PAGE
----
Congressman Faleomavaega announced today that the U.S. House of Representatives on July 28, 2009 passed by voice vote House Joint Resolution 44, legislation that would recognize the valiant efforts and heroism of the noncommissioned officers of the United States Army.
“I want to commend Chairman Skelton for his leadership and sponsorship of this bill. This bill, H.J Res 44, is a token of appreciation for those who serve to protect our Nation and our ideals of freedom,” Faleomavaega said.
“The noncommissioned officer rank has a long and rich history in the United States Army, originating with the Continental Army in 1775. The most visible leaders of the service, the noncommissioned officers have been the backbone of the Army for more than 230 years. Often referred to as the “eyes and ears'' of a commander, noncommissioned officers are not only sought after for their advice and guidance, but they are the standard keepers of the service, dedicated to the upholding of the Army's and our country's values. Responsible for the training of the Army's future leaders, the noncommissioned officer is integral in executing any given mission of the service,” Faleomavaega said.
“I am very proud that we have so many noncommissioned officers in the U.S. Army from our own Territory of American Samoa but due to limited space, only a few are listed here.”
“In an earlier press release, I noted that Command Sergeant Major Iuniasolua Savusa, a ranger in the 101st Airborne, was recently selected by Admiral Timothy Keating as the Senior Enlisted Leader of the U.S. Army Pacific Command, or PACOM. In other words, the Command Sergeant Major of all U.S. forces – not just Army, but the entire unified military command under PACOM in Hawaii and led by Admiral Keating. Command Sergeant Major Savusa is an example of the Toa o Samoa, or many of the Samoan military men and women who are enlisted and have served in the many branches of the U.S. Armed Forces.”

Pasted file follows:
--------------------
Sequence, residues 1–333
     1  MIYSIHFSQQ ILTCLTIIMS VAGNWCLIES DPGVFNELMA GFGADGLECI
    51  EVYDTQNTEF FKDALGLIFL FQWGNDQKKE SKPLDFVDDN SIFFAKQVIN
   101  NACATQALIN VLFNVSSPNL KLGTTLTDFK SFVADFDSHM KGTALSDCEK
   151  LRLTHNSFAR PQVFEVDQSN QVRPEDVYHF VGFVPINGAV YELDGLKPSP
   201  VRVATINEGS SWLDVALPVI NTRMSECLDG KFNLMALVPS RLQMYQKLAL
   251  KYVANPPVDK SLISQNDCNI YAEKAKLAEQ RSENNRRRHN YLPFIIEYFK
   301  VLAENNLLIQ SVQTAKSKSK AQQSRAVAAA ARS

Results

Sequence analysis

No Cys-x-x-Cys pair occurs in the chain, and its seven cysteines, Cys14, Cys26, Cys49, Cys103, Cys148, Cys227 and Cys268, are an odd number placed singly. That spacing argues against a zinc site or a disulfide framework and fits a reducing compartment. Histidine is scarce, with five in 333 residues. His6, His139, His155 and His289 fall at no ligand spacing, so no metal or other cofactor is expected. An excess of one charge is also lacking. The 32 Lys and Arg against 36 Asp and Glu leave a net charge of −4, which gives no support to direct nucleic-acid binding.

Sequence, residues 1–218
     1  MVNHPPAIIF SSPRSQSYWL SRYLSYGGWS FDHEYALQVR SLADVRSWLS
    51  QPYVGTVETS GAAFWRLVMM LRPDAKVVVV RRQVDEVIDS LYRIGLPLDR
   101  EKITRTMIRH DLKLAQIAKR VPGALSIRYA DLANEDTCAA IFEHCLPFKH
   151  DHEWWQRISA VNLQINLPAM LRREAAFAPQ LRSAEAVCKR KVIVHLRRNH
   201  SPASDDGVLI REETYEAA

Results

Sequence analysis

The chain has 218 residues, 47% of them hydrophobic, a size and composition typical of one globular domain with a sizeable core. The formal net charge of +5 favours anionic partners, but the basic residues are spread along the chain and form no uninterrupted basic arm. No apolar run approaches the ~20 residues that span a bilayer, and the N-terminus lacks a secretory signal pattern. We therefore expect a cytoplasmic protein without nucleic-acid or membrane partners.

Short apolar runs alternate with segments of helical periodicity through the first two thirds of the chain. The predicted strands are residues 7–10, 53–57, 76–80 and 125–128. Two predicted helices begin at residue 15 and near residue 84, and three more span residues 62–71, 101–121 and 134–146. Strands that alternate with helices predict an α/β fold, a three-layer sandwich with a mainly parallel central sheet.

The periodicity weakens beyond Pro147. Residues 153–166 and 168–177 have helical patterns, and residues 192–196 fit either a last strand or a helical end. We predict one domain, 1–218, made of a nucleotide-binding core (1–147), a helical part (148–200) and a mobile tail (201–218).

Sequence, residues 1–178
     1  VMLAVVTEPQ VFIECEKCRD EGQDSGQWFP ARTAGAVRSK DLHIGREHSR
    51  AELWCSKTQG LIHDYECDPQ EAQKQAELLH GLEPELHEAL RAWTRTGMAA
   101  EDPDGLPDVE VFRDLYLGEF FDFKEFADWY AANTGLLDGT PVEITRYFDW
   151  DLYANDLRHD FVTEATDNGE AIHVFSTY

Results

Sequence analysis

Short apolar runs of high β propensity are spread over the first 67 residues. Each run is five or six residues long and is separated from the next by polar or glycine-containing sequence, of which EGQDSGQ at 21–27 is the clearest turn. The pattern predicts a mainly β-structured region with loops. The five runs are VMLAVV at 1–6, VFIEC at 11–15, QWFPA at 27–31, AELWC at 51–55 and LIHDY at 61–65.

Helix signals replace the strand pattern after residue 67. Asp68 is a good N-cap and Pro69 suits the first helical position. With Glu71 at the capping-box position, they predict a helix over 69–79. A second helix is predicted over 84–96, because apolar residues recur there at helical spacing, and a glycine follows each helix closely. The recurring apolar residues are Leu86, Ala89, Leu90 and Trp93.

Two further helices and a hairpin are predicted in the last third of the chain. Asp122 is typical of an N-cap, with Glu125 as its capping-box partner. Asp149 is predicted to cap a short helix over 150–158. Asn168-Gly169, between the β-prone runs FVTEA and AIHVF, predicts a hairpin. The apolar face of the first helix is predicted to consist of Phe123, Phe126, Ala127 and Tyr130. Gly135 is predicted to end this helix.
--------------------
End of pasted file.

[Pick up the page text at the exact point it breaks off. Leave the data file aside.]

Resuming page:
“At this time, I would like to recognize the services of several Samoans who have reached the top of the noncommissioned ranks in the U.S. Army – Command Sergeant Major Tuileama Nua, Command Sergeant Major Isaia “Ace” Vimoto, Command Sergeant Major Charles Tobin, Command Sergeant Major Panapa Willis, Command Sergeant Major Frank Leota, Chief Warrant Officer 5 Kokolua Yandall; Command Sergeant Major (ret) Ioakimo Falaniko; and Chief Warrant Officer 5 (ret) Save Liuato Tuitele, for their contributions to our military.”
“I also want to pay a special tribute to Command Sergeants Major Falaniko and Vimoto for they both had sons who enlisted in the U.S. Army and have given the ultimate sacrifice to our country. The son of Command Sergeant Major Falaniko, Private First Class Jonathan Falaniko, was killed in Iraq; while the son of Command Sergeant Major Vimoto, Private First Class Timothy Ray Vimoto, was killed in Afghanistan. We must honor these fathers and sons for their selfless sacrifice and the sacrifice they have made in the protection of our freedoms.”
“I cannot express the immense pride I have in those who persevere daily to protect the freedom and integrity of the United States. Noncommissioned officers of the United States Army are perhaps the most visible embodiment of the moral character and strength of the U.S. Army,” Faleomavaega added.
“This recognition by Congress is the least that can be done to express a deserved gratitude to those who have served and those who continue to serve in our Army today,” Faleomavaega concluded.